With health insurance now mandatory for some types of visa to Thailand, for many, gone are the days when self-insuring was the preferred option. The cost of health insurance has risen exponentially in recent years with medical advances. Although prices in Thailand are often far less than they may be in the west, most international hospitals’ cost is certainly not what would be described as “cheap” should you be admitted.
Ensuring that you not only have some health insurance but have the right level of cover is essential and could save your life. As an expat, would you want to be treated in a local hospital where little English is spoken, and the equipment is from a different era, or would you want to be treated in a state-of-the-art medical facility? The answer is the latter for most people, but this may not be an option without sufficient insurance.
What is self-insuring?
Self-insuring is the practice of deliberately saving the money you would have paid in insurance premiums should you ever require medical assistance. Those who do this in a structured manner would put the money into a separate bank account, often earning a higher rate of interest. Unfortunately, many don’t save the money they would have spent on premiums, which leaves them in a desperate situation financially.
As healthcare costs have risen, it is unlikely those individuals would save enough money for any major treatment such as for cancer or if they are involved in an accident. It puts them in the unenviable position of either declining treatment or asking friends and family for financial assistance. In the past, many had suggested that they would “return home” in such an eventuality. However, this is rarely a feasible option either because of the urgency that treatment is required or the rules in their homeland.
Why would you self-insure?
The primary reason why people choose to self-insure is to save money. Insurance is one of the few things that we ever purchase, hoping that we never use it, and indeed some resent this. People often believe that healthcare costs are mistakenly less than the reality, while others adopt the “it won’t happen to me” attitude. Needless to say, this is a very dangerous practice, with the risks associated with such a gamble being higher than many would imagine.
Someone may self-insure because they have several pre-existing medical conditions, meaning that getting insurance is either impossible or the loaded premiums are beyond their means. In these circumstances, it is vital to make a reasoned decision regarding where you wish to live and where would be most appropriate for your long-term health interests. While the idea of retiring in a warm climate is undoubtedly appealing, it may significantly compromise your health.
The dangers of self-insuring
There are multiple dangers associated with self-insuring, not least that it unlikely that you will save enough money to get the treatment you require. Very few people are financially in a position to be able to get their hands on tens of thousands of dollars quickly, which can put incredible strain on others. In a country such as Thailand, the Hippocratic Oath doesn’t appear to apply, and if you haven’t got the means to pay for treatment, you won’t get it.
Not getting the treatment you require could make your condition significantly worse or worse still mean that you die from something perfectly treatable. While this may not concern you when you are fit and healthy, you should think about it in later life and the problems that it could cause for your family. There are certainly those that self-insuring is at best irresponsible, and at worst selfish.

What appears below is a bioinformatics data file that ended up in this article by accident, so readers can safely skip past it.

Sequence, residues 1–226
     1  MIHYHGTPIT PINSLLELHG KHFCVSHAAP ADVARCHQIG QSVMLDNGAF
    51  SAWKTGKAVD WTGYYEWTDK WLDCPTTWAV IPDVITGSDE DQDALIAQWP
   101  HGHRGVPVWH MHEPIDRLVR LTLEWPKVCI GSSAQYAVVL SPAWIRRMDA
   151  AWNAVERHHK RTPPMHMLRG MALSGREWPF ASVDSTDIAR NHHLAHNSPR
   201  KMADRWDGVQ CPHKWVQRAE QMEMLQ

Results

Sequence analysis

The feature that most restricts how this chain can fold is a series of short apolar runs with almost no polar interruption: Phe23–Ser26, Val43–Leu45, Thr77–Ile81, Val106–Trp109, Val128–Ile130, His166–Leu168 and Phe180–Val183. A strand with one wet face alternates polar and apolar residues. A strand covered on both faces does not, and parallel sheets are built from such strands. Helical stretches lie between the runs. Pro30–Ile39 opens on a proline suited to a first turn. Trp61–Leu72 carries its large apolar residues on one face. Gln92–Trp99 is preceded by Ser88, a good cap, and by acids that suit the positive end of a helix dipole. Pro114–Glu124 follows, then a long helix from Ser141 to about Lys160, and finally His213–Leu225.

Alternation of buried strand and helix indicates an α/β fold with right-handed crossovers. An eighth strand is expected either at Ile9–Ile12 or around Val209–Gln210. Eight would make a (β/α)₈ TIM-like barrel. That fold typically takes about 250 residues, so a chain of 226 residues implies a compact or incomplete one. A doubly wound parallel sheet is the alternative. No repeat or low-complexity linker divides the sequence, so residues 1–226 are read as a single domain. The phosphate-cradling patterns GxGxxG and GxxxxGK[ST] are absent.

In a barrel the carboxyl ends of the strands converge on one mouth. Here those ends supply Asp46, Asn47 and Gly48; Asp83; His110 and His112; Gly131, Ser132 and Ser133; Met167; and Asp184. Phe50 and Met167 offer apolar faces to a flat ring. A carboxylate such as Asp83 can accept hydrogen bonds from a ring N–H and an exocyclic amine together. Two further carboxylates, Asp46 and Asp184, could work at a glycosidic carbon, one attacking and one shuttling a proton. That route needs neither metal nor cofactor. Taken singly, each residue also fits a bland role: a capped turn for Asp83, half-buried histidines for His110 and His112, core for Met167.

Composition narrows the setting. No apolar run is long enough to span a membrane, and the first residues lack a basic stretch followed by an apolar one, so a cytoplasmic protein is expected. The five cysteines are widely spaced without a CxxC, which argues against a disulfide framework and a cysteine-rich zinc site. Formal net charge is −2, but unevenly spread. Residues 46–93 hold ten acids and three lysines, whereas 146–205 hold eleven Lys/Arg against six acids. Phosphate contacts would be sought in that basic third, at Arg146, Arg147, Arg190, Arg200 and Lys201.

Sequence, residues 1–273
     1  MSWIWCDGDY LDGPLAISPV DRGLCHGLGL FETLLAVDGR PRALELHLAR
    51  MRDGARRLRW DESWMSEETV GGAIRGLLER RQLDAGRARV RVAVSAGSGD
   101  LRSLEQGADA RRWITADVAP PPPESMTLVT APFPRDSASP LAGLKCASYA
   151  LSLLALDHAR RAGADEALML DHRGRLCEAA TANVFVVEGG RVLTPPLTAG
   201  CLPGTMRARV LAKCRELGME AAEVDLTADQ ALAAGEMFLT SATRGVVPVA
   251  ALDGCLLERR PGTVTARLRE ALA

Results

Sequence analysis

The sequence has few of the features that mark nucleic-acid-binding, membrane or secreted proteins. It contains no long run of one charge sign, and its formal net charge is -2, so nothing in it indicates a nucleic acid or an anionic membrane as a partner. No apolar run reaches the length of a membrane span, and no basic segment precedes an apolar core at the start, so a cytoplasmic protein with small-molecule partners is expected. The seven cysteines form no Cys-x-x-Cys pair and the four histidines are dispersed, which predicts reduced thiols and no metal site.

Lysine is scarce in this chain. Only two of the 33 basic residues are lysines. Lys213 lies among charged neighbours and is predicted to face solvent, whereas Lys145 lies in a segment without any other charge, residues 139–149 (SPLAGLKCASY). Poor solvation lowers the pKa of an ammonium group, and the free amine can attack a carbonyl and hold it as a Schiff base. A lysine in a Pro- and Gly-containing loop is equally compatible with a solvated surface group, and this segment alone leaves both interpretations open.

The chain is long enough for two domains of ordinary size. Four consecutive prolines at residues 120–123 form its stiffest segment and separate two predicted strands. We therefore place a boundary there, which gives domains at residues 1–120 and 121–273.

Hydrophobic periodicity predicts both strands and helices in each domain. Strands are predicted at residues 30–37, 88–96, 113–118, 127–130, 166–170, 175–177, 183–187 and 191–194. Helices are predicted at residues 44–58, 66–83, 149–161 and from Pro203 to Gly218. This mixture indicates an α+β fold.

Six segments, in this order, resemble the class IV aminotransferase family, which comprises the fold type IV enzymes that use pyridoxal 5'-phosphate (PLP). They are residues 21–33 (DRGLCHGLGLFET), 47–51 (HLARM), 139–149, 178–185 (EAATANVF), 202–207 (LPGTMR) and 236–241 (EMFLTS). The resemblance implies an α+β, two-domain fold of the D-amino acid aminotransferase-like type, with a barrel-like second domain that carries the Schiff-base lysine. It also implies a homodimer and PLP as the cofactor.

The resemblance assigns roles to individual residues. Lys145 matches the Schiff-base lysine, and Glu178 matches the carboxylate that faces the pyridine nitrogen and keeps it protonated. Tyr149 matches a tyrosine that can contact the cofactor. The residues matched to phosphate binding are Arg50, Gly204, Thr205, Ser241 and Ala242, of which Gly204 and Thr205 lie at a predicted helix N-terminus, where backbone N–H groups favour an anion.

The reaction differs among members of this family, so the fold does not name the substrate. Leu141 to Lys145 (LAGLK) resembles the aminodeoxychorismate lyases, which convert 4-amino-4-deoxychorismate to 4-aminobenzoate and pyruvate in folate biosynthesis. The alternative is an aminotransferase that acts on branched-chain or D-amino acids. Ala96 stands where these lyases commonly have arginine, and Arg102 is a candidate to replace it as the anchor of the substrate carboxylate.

What is expat health insurance?
Expat health insurance is insurance designed purposely for expatriates meeting their needs in terms of cover and granting them access to the best hospitals. It is often slightly more expensive than local cover, but the coverage is infinitely better. Almost all policies will pay for your treatment, meaning that you don’t need to find vast sums of money, and as expatriates design them, they know that you may need to travel to different countries, and the cover remains the same.
Expat insurance will typically cover all family members, so you have the peace of mind that everyone will be covered, and you will have access to the best hospitals in the world. Transfers to better hospitals and repatriation are usually included in the package.
Different types of cover
There are various types of health insurance, but the most common are “Inpatient Only” and “Comprehensive”. Inpatient only cover will only come into effect if you are admitted to hospital, which makes it considerably cheaper, but could leave you with some hefty medical bills. Comprehensive cover, as the name would suggest, covers everything so you are safe in the knowledge that you will get the treatment you need without needing to pay yourself.
Premiums can be reduced by agreeing to pay an “excess” or “deductible” whereby you agree to pay the first part of any claim, typically $250 or $1000. Co-pay options are also and is agreed amount that you pay, typically after the deductible and are more common on US policies.
Benefits of health insurance
The benefits of health insurance are undeniable, and for just a few hundred or thousand dollars a year, you can be confident that your healthcare needs are taken care of, regardless of where you are in the world. It will mean that you get access to the best possible treatment, and your recovery time will almost certainly be reduced. You will never have to balance paying the bills against getting the treatment that you need. The primary benefit of health insurance is undoubtedly the peace of mind that it gives you.
At Expat Health Insurance, we provide you with all the information that you need to make an informed choice about your medical needs. You will find our prices are competitively priced without compromising on cover.